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5 Tips for Giving Constructive Feedback as a Leader


Giving constructive feedback is a foundational skill for all leaders, yet it's a skill we sometimes avoid in an effort to spare our own discomfort. That's because negative feedback is rarely fun to give, especially in a professional setting. I remember this skill being especially painful as a new leader.

Looking back on the early times I had to give constructive feedback, a queasy sensation brews in my stomach as I remember how unskilled I was. I remember clumsily searching for words and over sympathizing, signaling how uncomfortable it was for me to tell them they needed to improve. I didn't even realize how cringeworthy it was until I received feedback from my boss about how I gave feedback. One day I was told:

"You need to stop apologizing when you’re giving someone feedback. It completely discredits you."


I was completely fumbling feedback as a leader. My anxiety about hurting someone's feelings or lowering the morale - or whatever else I may have justified at the time - was getting in my way of being an effective boss. Thankfully, I received this feedback early on and we get to learn from our mistakes as we grow as leaders. Over time, feedback became one of the most important skills to me as a leader, and I learned a few tips for how to do it with dignity and effectiveness along the way.


Although it may be difficult to say negative things about your team member’s work, it’s worth remembering that your team can only thrive if you give them direction. It helps if you can view negative feedback as a method of giving your team the tools they need to improve and get better at their jobs.

According to a recent study, 83% of employees say they appreciate both positive and negative feedback. So, how do you give criticism in a way that’s positive and beneficial?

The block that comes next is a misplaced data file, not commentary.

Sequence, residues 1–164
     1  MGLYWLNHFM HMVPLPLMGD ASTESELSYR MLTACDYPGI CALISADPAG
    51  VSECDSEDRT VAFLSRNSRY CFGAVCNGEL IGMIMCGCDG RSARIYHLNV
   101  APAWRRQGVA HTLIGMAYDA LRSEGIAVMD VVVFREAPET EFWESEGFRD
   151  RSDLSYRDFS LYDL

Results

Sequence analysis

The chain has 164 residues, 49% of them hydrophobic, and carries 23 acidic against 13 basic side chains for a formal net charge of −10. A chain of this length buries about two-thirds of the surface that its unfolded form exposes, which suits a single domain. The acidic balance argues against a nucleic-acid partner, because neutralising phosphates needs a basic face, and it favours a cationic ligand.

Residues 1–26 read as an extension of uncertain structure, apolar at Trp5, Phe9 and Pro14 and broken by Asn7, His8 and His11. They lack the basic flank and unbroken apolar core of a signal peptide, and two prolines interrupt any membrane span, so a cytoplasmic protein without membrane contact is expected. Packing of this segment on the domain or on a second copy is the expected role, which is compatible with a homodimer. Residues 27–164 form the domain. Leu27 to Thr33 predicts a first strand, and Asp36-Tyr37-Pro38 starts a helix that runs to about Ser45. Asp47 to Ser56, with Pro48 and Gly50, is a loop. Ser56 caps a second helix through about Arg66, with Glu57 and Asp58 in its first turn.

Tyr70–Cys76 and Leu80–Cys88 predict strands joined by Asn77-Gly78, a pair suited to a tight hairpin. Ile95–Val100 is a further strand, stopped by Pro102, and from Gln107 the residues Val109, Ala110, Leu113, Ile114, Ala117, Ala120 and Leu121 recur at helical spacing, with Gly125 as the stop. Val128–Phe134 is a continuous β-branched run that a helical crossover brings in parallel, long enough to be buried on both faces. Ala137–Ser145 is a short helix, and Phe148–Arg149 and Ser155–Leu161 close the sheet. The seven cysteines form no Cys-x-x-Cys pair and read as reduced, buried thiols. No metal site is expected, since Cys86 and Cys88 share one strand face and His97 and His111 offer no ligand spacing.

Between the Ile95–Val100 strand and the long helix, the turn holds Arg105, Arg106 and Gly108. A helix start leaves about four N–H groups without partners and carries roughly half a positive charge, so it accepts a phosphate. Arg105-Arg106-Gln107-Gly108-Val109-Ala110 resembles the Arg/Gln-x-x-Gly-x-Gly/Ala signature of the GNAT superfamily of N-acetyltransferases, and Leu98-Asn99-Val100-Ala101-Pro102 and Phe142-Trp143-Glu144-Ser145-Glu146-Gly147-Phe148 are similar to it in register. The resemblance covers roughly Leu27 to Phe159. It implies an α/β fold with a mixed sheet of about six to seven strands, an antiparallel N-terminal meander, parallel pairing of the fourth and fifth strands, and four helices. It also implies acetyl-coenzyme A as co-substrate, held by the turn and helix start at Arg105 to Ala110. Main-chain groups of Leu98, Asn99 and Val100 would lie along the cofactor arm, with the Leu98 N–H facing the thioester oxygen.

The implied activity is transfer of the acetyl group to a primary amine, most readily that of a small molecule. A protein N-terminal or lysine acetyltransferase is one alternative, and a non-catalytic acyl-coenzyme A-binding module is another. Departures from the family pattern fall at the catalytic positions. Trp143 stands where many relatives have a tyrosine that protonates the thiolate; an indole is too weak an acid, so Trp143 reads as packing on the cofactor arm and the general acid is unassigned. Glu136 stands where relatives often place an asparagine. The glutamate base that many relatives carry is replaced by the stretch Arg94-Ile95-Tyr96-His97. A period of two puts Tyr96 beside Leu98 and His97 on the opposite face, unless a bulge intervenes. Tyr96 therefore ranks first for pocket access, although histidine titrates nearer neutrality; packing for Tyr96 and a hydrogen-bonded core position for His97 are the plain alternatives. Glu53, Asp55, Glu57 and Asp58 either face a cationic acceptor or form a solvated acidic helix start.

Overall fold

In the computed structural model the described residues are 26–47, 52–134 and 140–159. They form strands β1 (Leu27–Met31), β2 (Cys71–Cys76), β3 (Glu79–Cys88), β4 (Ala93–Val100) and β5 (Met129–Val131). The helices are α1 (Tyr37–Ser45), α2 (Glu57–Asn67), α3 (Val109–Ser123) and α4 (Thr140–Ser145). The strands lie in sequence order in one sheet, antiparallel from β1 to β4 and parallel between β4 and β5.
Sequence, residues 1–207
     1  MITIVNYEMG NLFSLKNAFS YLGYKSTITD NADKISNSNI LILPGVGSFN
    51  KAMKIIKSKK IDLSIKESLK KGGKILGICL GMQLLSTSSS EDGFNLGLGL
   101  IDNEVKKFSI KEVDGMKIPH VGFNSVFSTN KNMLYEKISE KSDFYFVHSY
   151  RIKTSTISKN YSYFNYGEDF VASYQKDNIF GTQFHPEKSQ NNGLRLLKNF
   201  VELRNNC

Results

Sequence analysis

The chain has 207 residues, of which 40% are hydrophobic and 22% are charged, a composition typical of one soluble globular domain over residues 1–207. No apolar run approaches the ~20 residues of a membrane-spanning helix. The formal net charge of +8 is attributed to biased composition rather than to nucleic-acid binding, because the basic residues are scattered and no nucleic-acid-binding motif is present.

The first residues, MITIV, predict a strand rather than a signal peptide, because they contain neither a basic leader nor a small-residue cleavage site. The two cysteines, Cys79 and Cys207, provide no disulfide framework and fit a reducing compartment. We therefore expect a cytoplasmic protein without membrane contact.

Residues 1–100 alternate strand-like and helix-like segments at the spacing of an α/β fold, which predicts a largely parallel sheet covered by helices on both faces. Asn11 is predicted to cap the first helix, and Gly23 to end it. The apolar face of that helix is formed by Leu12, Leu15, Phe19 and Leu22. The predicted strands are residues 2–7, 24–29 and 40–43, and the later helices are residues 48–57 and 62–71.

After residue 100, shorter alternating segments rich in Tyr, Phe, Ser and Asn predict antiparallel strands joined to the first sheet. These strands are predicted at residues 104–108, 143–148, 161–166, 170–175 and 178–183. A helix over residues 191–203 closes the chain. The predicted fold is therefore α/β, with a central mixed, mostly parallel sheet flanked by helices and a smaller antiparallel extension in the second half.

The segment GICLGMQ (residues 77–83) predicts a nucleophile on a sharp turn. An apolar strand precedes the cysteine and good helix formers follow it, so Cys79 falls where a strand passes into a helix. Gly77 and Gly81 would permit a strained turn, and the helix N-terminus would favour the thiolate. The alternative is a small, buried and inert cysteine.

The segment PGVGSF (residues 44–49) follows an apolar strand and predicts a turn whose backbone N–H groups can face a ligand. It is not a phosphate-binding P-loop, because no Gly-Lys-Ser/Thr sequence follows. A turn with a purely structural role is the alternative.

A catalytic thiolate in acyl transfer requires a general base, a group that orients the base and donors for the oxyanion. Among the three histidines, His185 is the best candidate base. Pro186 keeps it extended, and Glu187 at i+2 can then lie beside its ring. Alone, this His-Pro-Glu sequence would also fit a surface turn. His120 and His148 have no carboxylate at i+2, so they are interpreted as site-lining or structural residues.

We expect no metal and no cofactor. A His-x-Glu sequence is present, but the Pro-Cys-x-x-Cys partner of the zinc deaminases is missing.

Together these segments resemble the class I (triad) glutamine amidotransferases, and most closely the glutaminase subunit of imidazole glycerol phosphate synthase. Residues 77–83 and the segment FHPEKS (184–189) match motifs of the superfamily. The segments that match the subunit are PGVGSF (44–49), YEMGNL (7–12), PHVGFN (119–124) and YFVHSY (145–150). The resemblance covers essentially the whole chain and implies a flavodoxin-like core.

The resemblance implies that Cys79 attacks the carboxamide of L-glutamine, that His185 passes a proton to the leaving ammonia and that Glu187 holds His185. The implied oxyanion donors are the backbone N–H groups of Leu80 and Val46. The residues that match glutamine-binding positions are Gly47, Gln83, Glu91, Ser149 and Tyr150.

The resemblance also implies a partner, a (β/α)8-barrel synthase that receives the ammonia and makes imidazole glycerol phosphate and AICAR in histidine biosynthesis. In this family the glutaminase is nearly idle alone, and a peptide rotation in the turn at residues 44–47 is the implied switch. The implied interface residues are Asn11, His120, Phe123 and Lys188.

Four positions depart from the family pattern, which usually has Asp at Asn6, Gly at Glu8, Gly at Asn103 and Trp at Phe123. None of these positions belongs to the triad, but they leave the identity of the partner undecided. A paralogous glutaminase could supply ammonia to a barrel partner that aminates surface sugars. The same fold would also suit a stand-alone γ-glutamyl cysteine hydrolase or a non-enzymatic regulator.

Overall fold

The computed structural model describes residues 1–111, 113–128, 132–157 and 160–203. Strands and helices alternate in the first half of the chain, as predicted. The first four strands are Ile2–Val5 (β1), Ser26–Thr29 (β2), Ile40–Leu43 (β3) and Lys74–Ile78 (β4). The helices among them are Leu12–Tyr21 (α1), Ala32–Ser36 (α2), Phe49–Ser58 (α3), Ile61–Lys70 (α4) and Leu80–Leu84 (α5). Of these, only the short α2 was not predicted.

1. Be Direct

Your team member is more likely to listen to your comments if you’re clear about what you want them to learn. Avoid the “feedback sandwich” which is common in many business environments, where you surround criticism with compliments. Although it’s nice to give some positive feedback to soften the blow, you want them to walk away with a clear vision of what they’ve done wrong and what they need to work on. Be specific about exactly what the issue is and what you want to change. You can ask them if they have any questions to help ensure their understanding.

Try this: “I know you’ve been volunteering to help with lots of projects, and we appreciate the effort. I've noticed the quality of your work is starting to slip as you take on more. Let's find a way to use your talents for the most quality impact.” A conversation about expectations and priorities can then take place collaboratively.

2. Encourage Self-Reflection

Your feedback will likely be more effective if it doesn’t feel like an attack. Encouraging self-reflection is a strategy that pushes people to think more carefully about their behavior. In some cases, the person might even be aware of the issue and give you some ideas on how they can improve. People will generally be more invested in their growth if they feel like they have input, so it’s important to listen to their ideas before you speak.

Try this: “I know you’ve missed your sales targets this quarter, and that just isn’t like you. Do you have any ideas on what went wrong?”

3. Don’t Make it Personal

It’s important to avoid any personal statements when you’re giving criticism, because this is more likely to make people feel defensive. As tempting as it may be to say that you’re disappointed in a team member’s work, or that you were unhappy with something they did, try to focus on the job instead of yourself. The focus should always be on the wider company, the way that things are affecting the business, and the employee, rather than you. Avoid making it sound like the issue is specifically with the person, rather than their work.

For instance, instead of saying: “You are micromanaging, and it’s affecting the whole team’s morale.”

Try removing the personal nature by saying: “Some of your team members have mentioned that they’d like more independence on their projects. Would you be comfortable with that?”

4. Help Them Understand Why

Just because you can see how serious a problem is doesn’t mean your team members can. That’s why it’s so important to explain the implications of the issue and why your staff needs to make a change. For instance, if you have a team member that’s constantly sending emails with typos to clients, you could t